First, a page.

2.4. Study and Use of Languages
The Chapter strongly recommended that all should study and use the languages of the regions they are assigned to, and gave concrete guidelines on how they should behave in those regions, both in community and in apostolic life. As a criterion for discernment, the Chapter asked that, in addition to the norms of the Ordinaries and of the Major Superiors, “the usefulness of the ministries and, above all, charity, courtesy and harmony be always kept in mind”.
The theme of the Brothers was one of the concerns of the Chapter. Their spiritual life, vocational status and situation in the Congregation were studied and reflected upon.
The Chapter urged all the persons-in-charge (Superiors, Masters and Ministers) to attend to and, with utmost care watch, the formation of the brothers, especially the young ones. They should take care of their health and welfare, in keeping with the religious state and family life, hoping in their turn to obtain a positive response on the part of the brothers in their behaviour and the fulfilment of their religious obligations.
2.6. Preparation for Perpetual Profession
2.7. Apostolic Noviciate
The theme of Apostolic Noviciate, which was studied from different angles by the commission on observance and by the juridical and government commissions, was approved for the young priests who were finishing the five years after priestly ordination. It was a plan to offer our missionaries, before they were assigned to a fully apostolic life, a year of perfection and sanctification under the direction of a Master or Prefect.
2.8. Foundation of an International College in Rome
The Chapter studied the possibility of establishing in Rome an International College, under the authority of the Superior General, to complete the common studies and obtain specialisations. After a long discussion and putting their trust in God and the Blessed Virgin, it came to this decision:
“1. The establishment of an International College of Higher Learning in Rome is approved, leaving to the Superior General with his Counsel the determination of the nature, functioning and other conditions of the aforesaid College. 2. The Chapter accepts the vote of the Commission that the establishment of the College be done as soon as possible, leaving, however, the determination of this possibility to the judgement of the Superior general with his Counsel.”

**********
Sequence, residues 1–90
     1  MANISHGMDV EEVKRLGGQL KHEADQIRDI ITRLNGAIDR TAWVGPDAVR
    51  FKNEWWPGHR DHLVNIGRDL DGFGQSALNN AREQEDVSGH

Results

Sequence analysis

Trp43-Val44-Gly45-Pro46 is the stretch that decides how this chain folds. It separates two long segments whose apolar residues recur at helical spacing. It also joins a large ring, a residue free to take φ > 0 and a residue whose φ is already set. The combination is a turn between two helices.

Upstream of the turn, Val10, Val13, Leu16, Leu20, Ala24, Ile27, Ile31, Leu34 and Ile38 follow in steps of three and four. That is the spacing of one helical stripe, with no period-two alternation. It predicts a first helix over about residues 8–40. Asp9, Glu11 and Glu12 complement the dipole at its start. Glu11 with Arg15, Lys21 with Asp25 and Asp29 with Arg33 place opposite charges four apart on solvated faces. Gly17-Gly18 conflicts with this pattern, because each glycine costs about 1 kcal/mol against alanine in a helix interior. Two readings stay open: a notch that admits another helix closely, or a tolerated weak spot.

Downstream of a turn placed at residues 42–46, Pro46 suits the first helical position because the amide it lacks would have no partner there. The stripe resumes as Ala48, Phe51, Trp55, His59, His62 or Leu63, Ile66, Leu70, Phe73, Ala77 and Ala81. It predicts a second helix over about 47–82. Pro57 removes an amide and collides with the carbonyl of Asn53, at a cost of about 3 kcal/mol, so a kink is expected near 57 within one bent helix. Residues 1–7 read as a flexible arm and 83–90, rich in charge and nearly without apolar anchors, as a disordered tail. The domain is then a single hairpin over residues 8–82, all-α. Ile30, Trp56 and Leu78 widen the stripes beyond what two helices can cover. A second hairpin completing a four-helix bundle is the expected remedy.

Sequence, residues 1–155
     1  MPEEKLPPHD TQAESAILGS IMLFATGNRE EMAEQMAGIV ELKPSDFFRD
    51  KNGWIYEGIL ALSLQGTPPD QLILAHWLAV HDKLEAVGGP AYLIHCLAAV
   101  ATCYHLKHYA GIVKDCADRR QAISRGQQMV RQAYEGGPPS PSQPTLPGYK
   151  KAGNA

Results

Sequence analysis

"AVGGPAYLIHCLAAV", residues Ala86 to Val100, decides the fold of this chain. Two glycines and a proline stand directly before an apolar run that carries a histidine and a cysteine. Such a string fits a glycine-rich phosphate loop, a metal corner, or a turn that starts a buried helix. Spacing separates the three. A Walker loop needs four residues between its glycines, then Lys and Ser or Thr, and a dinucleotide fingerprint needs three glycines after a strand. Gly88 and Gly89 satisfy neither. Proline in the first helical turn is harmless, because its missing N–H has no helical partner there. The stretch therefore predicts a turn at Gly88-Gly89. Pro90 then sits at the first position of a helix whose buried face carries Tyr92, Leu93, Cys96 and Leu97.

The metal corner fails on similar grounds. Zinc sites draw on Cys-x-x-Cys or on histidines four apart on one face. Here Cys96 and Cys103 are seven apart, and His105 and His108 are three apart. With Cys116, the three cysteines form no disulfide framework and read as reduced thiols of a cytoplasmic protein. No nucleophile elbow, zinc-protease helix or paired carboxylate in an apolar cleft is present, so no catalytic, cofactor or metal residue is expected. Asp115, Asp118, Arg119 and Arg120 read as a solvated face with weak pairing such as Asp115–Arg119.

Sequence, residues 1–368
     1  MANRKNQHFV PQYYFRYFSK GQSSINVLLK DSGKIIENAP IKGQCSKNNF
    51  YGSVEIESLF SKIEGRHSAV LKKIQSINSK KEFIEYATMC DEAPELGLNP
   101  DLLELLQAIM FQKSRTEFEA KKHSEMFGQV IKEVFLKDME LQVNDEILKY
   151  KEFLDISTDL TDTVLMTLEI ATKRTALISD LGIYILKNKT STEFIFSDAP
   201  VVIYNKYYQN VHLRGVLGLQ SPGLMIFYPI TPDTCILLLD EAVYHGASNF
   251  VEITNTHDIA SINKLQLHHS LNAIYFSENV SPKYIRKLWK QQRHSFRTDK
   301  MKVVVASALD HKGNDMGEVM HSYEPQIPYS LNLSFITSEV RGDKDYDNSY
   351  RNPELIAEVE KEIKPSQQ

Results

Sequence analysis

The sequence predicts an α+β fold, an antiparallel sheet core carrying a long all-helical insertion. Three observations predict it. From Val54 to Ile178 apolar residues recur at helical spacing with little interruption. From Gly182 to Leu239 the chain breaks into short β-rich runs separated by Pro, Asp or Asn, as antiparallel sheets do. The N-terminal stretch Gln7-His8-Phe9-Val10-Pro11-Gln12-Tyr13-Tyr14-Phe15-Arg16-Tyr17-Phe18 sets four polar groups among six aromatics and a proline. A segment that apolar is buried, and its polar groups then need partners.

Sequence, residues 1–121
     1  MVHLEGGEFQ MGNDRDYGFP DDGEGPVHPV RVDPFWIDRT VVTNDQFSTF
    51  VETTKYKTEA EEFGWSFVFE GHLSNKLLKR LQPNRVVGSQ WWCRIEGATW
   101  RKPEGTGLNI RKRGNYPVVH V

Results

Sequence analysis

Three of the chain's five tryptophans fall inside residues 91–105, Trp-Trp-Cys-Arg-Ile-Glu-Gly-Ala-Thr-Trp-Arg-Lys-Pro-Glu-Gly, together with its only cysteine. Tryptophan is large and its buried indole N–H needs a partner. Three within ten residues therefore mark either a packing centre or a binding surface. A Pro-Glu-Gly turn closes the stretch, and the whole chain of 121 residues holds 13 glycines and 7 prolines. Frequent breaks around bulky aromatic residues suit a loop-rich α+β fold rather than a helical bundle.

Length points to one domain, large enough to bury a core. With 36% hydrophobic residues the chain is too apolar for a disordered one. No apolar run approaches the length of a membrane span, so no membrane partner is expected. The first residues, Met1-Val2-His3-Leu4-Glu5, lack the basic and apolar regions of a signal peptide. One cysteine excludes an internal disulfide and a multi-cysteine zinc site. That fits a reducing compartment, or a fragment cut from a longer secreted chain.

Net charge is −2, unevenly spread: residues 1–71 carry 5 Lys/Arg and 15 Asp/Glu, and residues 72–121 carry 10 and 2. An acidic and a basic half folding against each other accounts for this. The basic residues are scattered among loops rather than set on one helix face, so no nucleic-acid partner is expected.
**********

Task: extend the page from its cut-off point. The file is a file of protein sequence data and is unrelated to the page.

3.1. Formation of Personnel
The Chapter distinguished between the passive element (persons in formation) and the active element (formators), and offered the following guidelines:
a) Vocational screening. The Chapter recommended increasing the screening of vocations and gave various criteria therefor. Concretely, it decreed:
* that illegitimate children should not be admitted, even if they should have later been legitimated by their parents’ wedding.
* that blood analysis should be made in order to detect any “predisposition to sicknesses that often develop in later years,” which make people unfit for religious and priestly life.
* that the health background of their grandparents and, at times, of their uncles and aunts be studied.
* that subjects who, after due probation, remain with an unclear vocation should not be admitted to the noviciate or to profession.
b) Formation. Considering that the task of formation should last for life, the Chapter, in this matter, asked:
* that the Superiors and Ministers should take care of the young priests and the newly professed brothers.
* that, taking into account that “it is truly dangerous for a good missionary religious formation” to send the newly ordained priests to their own country, the Father General should promote effective interchanges between persons of different nations and provinces.
2nd. Regarding the Active Element of Formation
Lamenting the scarcity of well-prepared personnel available in the Congregation, the Chapter asked for a better formation of formators. At the same time, it indicated certain guidelines and means to overcome this important lacuna.
Regarding the formators of Brothers, the Chapter asked that the ministers be true spiritual fathers of the Brothers; it insisted, it once more recommended and prescribed that they should take care of their formation, continuing and bringing to completion the formation that was started in the noviciate.
The Chapter amply and deeply reflected on theme of study. It gave a wide range of orientations and guidelines with a great missionary vision of the future of the Congregation.
Wishes and Proposals were discussed. The former were orientations for the General Government with a view to the organisation of studies. The latter were indications that were transmitted to the General Commission for Studies, to be taken into consideration at the time of the final drafting of the Regulations of Studies.
a) Ratio Studiorum. The time for its definitive drafting has come. To this end, a commission should be assigned, formed preferably by persons with experience in the field of teaching and formation.
b) Gymnasium (Minor Seminary). It should last for all at least five obligatory school years. The humanistic culture should clearly predominate in the programme. In addition to Latin, Greek, the national and foreign languages, the basic or main subjects should be mathematics and the physical and natural sciences. Therefore, these latter ones should be included in the new O.S.G. Our students’ culture, at the end of their humanistic (and philosophical) formation, should be at par with the average culture required in the respective country.
c) Philosophy. The introduction to Philosophy should begin during the fifth year of the Gymnasium. In the Lyceum the humanistic and literary formation should be continued and broadened, combining it with the study of Philosophy and the Sciences. At the end, there will be a general examination of Philosophy, obligatory for all, which will be the basis for the granting of the Faculty’s internal degrees.